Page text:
Others believe things are not quite so straightforward. What of those who are intersex, or who face gender dysphoria? Jenny-Anne Bishop is a Christian who has transitioned from male to female and chairs a Manchester-based support and discussion group for transgender people. She has wrestled with her faith and application of the Bible to her life. ‘Over time, going to the church I go to, I came to an understanding through prayer and reading the scriptures that God says, “Be yourself.” Matthew 19:12 says: “For there are eunuchs who were born that way, and there are eunuchs who have been made eunuchs by others – and there are those who choose to live like eunuchs for the sake of the kingdom of heaven.” [An angel sent Philip] to convert the eunuch – not to change him, but to baptise him. In a way it’s a bit like being trans – going from male to female.’
Jenny-Anne cites two passages commonly used to argue that Jesus spent time with, and did not judge, eunuchs – representing those who fall outside of gender norms. However, a more conservative interpretation of the Matthew text, taken for example by Mark A Yarhouse, author of Understanding Gender Dysphoria (IVP), is that ‘those who make themselves eunuchs’ in this text ‘almost certainly refers to those who choose not to marry (rather than suggesting they were castrating themselves).’ Are we guilty of misapplying such verses to modern categories such as transgenderism?
Sex reassignment surgery
What of the decision for sex reassignment surgery (SRS), which can involve hormone replacement therapy and an array of reconstructive genital operations? Could this be a move towards the essence of who a person was created to be – or is it a step away from God’s intention for an individual? Passages commonly cited in argument against such procedures are 1 Corinthians 6:9-10, and Deuteronomy 22:5 and 23:1.
Rev Dr Sean Doherty, co-founder of Living Out and author of The Only Way is Ethics (Authentic) believes we must allow a reading of Genesis 1-3 to shape our view on gender dysphoria, and the possibility of subsequent surgery. Doherty sees gender dysphoria as one of the many consequences of the Fall. ‘None of us are the way that God intended. I might be cisgender, but my gender identity is also fallen – what it means to be a man in a fallen world is not what God intended either,’ he says.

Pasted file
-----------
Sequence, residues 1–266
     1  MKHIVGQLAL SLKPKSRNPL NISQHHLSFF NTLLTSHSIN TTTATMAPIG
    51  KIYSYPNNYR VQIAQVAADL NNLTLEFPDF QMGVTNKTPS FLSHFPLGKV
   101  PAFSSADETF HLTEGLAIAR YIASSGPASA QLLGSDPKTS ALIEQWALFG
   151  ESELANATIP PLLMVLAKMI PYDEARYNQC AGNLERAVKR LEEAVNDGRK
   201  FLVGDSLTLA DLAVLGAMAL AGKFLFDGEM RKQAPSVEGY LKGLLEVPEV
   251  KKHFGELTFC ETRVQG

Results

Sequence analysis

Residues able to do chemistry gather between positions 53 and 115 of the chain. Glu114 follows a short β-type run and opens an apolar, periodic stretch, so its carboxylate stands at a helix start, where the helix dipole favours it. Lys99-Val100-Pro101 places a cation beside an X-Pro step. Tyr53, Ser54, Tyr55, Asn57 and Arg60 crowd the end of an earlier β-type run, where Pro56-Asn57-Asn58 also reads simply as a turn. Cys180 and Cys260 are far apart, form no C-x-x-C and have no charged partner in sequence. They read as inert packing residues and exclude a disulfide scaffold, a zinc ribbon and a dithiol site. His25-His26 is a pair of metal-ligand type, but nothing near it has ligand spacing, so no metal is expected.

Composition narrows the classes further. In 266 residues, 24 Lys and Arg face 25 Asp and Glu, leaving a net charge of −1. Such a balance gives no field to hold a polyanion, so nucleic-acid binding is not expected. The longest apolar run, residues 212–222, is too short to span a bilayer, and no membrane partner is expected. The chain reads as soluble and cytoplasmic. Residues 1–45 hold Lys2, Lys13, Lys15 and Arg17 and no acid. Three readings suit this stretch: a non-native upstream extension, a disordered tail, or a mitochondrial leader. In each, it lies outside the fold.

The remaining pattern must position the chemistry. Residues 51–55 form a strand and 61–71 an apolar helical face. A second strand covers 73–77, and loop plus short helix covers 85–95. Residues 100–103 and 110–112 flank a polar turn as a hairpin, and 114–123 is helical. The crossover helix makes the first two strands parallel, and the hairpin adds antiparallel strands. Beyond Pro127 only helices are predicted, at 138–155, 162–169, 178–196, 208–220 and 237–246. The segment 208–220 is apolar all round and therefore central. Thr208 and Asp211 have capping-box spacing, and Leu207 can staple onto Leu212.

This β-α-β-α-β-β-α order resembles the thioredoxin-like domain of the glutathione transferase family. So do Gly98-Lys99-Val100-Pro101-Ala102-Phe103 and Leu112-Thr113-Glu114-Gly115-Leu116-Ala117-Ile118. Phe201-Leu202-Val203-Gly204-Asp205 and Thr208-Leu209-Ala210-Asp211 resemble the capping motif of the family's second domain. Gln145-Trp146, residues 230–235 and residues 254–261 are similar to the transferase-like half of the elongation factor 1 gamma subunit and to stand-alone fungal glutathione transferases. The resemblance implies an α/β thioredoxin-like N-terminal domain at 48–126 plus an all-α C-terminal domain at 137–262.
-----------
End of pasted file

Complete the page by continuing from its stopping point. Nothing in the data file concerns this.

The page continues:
‘The big challenge is, “How do we respond to our fallenness?” I am not convinced that…surgical interventions are necessarily the right response for people…The reason I’m unsure is that if someone’s gender identity does not match with their physical body, our culture treats our gender identity as what really defines us, rather than our physical sex. But one of the wonderful things that shines through Genesis 1 and 2 is that our physical bodies are “very good”.’
Doherty believes it is usually better ‘to seek an integration of body and identity which honours and cherishes the person’s body as it already is, rather than imposing upon it’. However, he points out that, ‘Of course many trans people have tried incredibly hard to do that before they seek more invasive help.’
Loving the hurting
Suicide rates among transgender people are ten times higher than for non-transgender people. It’s a shocking statistic. Many who have transitioned via SRS say their lives have been immeasurably improved. However, Walt Heyer, who transitioned from male to female – and then, having become a Christian, made the transition back to his original birth gender, says that the suicide rate among those who have had SRS is not necessarily lower than those who do not make the physical transition. On his blog sexchangeregret.com he cites a 2010 survey showing that, in the US, 41% of transgender people who have had sex-change surgery have attempted suicide. SRS, he says, is not the answer.